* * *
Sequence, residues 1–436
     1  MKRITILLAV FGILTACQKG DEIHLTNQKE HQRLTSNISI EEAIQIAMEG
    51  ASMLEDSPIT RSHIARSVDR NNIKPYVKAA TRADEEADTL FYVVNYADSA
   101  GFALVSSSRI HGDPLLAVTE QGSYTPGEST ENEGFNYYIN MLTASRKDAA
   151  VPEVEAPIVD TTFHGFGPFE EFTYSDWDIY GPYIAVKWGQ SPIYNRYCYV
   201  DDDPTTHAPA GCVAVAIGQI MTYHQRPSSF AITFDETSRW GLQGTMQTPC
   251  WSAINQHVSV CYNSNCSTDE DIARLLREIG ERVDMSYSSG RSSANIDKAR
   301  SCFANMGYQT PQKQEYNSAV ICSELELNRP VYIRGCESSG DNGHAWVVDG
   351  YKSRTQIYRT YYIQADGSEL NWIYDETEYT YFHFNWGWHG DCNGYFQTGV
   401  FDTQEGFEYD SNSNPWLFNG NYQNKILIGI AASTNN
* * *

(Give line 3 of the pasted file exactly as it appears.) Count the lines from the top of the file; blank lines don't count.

    51  ASMLEDSPIT RSHIARSVDR NNIKPYVKAA TRADEEADTL FYVVNYADSA